ByMurilee Martinon March 2, 2020
Junkyard Finds, partly because it began the decade as asporty rear-wheel-drive cousin to the Z-Carand ended it asa swanky front-wheel-drive pseudo-luxury machineâ€¦ but mostly because these cars came stuffed full of the quirky futuristic technology that made Japanese cars so interesting duringThe Turbo Decade.
Here’s a high-mile ’87 Maxima I spotted in anEast Bayself-service yard last month.
Mercedes-Benz,Toyota, andHondacars (withthe occasional Volvothrown in for good measure), but Nissan did a great job withthe first generation of front-wheel-drive Maximasand they held together very well. This car racked up about 10,339 miles per year for 33 years, and I’ll bet it was still a runner when it showed up here.
no-proofreader-ever-checked-this hyphenationof the label of the SECU-RITY indicator lamp. I’m sure this started life as a single Japanese character, and then someone in Yokohama plugged in the English translation andmade it fit. I’ve collected several dozen of these lights for my nextstupid car-parts boombox project.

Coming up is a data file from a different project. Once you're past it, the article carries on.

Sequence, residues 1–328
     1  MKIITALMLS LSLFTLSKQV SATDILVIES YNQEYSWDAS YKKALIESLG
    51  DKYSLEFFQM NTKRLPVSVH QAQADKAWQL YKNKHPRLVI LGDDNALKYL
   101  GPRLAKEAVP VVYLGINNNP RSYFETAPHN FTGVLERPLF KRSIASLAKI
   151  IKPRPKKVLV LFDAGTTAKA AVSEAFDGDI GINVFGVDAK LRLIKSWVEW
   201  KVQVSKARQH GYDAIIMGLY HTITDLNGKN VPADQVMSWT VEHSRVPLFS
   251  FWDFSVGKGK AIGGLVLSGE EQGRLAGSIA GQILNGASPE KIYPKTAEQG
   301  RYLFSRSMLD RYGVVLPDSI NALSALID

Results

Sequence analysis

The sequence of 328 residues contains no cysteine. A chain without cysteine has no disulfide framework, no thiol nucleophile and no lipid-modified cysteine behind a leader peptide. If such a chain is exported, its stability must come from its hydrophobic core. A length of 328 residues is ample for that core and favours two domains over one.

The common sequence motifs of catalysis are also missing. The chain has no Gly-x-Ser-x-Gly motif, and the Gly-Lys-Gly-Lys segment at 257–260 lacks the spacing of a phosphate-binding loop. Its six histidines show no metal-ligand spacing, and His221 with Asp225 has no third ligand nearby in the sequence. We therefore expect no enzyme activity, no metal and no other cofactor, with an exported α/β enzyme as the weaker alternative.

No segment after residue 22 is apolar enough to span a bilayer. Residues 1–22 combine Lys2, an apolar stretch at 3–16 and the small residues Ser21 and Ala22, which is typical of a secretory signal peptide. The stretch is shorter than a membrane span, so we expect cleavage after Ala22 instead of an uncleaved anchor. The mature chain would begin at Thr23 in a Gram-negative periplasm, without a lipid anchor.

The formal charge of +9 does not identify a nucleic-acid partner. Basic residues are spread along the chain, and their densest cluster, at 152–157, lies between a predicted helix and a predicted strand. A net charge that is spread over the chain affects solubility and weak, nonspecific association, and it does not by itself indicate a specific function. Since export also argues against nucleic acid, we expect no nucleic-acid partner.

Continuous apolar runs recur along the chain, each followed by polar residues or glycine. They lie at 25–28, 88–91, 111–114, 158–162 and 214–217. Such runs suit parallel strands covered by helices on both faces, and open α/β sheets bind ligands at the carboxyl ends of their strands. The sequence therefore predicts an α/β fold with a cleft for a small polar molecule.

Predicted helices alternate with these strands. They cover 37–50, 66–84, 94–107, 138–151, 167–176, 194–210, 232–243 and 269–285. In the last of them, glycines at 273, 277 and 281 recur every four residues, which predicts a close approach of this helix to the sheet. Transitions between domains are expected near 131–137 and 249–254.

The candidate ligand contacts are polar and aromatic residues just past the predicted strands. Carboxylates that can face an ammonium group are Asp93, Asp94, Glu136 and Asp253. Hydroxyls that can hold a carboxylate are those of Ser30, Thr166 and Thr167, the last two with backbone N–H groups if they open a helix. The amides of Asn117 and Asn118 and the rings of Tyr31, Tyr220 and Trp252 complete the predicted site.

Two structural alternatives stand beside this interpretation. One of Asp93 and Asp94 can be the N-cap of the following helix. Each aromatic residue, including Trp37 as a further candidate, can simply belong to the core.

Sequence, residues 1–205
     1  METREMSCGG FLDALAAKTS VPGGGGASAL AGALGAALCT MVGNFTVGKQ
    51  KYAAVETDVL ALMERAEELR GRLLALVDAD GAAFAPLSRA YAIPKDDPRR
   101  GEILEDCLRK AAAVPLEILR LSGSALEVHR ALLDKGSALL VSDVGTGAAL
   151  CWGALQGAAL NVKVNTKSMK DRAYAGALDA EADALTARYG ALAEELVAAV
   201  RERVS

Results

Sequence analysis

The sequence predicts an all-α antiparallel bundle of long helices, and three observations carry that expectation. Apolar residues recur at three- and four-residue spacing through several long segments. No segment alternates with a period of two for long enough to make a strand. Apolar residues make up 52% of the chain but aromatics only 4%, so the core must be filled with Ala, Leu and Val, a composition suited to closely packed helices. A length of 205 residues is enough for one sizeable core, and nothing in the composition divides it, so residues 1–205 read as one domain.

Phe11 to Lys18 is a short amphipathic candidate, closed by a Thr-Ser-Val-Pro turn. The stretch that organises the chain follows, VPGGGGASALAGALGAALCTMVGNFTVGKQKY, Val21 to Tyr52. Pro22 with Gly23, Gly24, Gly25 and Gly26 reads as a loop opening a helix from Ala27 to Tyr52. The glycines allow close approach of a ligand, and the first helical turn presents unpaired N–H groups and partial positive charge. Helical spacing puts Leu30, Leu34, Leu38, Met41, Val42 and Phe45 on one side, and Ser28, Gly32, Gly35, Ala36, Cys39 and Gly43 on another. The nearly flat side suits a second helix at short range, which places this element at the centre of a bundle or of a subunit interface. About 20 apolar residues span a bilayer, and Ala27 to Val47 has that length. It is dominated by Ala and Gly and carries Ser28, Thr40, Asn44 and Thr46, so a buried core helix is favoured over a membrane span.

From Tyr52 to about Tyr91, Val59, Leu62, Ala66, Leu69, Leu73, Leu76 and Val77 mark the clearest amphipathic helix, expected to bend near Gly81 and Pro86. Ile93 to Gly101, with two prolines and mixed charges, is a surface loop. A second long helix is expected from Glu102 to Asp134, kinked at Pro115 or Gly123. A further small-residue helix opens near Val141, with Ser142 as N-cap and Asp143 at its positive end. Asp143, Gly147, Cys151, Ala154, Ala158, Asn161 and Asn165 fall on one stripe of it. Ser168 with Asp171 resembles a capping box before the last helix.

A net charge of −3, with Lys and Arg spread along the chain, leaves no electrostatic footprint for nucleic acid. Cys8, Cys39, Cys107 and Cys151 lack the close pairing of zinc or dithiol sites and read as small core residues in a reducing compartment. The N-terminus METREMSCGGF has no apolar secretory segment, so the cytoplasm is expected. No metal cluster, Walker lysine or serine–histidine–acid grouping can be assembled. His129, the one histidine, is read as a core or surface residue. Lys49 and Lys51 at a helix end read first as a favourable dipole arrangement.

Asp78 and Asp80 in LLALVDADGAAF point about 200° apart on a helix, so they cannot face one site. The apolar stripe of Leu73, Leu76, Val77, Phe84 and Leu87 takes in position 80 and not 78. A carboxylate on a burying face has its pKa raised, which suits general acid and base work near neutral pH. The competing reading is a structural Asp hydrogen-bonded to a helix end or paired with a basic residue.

Datsun 810became theDatsun 810 Maximabecame theDatsun Maximabecame theNissan MaximaÂ during the 1978-1984 period, and throughout this time the car retained an engine closely related to the one in the Z-Car of the time. Here’s the VG30 V6 of the 300ZX (with slightly fewer horses), flipped 90 degrees and driving the front wheels.
Today’s automotive world is filled with compromise. To get luxury and performance, you have to sacrifice value.Nissan disagrees.
You’ll find links to 2,000 more Junkyard Finds atthe Junkyard Home of the Murilee Martin Lifestyle Brand™â€¦ and you should.